You Could Be Tracked With Facial Recognition
Facial recognition can be dangerous and an invasion of privacy because hackers can track you. All that is needed is for the facial recognition software to be installed in any surveillance camera. As an example, The New York Times conducted an experiment (which was legal) where they turned a few surveillance cameras in Bryant Park into facial recognition tracking devices. From there they were able to identify people walking through the park. Hence, no privacy.
How to Protect Your Biometric Data
Here are a few recommendations of what can be done to prevent your biometric data from being stolen:
- Implement a strong password – make sure you create a strong password making it more difficult for hackers to guess or brute force the password to the biometric data storage (this would mostly be beneficial for organizations)
- Opt out of using biometric data if you are worried about the security of it – this means not using FaceID or fingerprint authentication on your iPhone to unlock your device
- Update your software – Make sure that your device is using the latest software version to prevent hackers from finding and exploiting vulnerabilities including zero day vulnerabilities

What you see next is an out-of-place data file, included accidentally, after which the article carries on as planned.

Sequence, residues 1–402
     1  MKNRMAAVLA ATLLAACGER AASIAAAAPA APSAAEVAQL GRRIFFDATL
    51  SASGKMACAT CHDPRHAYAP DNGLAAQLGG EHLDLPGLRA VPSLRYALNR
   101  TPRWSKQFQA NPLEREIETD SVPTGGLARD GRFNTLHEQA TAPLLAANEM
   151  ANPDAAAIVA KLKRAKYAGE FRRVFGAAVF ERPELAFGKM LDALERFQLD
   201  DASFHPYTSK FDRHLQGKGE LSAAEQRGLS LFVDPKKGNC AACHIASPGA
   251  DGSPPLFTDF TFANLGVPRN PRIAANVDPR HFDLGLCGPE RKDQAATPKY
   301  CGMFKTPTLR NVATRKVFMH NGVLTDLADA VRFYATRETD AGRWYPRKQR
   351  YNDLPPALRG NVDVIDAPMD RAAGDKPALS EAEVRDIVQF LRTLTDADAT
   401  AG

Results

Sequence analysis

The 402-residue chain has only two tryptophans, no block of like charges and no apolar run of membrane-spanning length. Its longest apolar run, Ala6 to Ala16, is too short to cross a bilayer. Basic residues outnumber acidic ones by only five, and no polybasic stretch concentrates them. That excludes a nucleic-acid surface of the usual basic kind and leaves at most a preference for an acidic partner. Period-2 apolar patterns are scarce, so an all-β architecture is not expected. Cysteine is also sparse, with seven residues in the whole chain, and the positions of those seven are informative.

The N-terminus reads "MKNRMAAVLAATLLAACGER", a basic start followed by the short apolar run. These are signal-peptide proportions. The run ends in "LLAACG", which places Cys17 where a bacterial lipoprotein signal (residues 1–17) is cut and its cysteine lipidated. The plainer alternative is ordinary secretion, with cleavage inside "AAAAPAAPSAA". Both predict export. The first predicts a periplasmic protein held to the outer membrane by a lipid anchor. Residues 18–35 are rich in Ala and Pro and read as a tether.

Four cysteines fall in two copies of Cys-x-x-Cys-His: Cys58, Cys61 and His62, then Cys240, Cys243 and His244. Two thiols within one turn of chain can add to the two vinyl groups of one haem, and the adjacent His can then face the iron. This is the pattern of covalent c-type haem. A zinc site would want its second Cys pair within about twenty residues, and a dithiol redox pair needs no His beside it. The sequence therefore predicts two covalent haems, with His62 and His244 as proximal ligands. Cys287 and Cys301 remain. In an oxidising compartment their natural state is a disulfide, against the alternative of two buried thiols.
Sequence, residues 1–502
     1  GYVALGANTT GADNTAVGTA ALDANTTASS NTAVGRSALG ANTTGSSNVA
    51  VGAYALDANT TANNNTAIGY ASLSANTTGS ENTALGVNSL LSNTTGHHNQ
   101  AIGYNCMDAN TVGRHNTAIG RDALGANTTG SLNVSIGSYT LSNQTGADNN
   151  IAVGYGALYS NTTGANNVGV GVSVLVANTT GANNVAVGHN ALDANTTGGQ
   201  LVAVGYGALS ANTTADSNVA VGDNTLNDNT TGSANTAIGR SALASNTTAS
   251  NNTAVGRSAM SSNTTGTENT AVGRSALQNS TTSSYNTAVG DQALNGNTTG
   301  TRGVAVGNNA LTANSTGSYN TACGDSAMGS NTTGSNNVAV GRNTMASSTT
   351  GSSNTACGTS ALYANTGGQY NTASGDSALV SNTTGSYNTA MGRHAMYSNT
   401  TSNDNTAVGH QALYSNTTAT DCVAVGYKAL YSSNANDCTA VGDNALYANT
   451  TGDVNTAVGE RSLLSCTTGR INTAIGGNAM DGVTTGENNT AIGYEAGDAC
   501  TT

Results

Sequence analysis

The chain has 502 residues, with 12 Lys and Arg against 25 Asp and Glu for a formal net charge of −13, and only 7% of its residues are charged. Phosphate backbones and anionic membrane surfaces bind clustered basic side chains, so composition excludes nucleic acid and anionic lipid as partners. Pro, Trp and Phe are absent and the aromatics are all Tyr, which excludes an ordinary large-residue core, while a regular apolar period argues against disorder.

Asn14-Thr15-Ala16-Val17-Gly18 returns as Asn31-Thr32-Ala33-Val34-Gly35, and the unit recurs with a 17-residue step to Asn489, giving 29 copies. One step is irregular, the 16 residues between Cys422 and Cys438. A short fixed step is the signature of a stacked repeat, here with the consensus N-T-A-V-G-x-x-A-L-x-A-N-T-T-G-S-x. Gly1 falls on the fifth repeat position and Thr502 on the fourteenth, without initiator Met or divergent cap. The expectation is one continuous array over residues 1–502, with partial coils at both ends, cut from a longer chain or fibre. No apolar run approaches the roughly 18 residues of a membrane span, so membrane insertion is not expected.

- Use multiple layers of security – Do not rely solely on biometrics for authentication and/or authorization, make sure to pair it with a password or smart card, for example (two-factor authentication)
- Increase awareness and education on how biometric data is stored and processed
Final Thoughts: Biometric Data and Privacy
The question of whether biometric systems will ever be full-proof is still unknown and cannot be answered. Biometrics are growing in popularity, therefore, it is crucial to understand what biometrics are, how they are stored, and how they are processed. As the security risk continues to rise for biometrics, it is important to understand what can be done to prevent your biometric data from being stolen and how your state or country handles biometrics. The laws that exist may vary from state to state and country to country so you must do your research.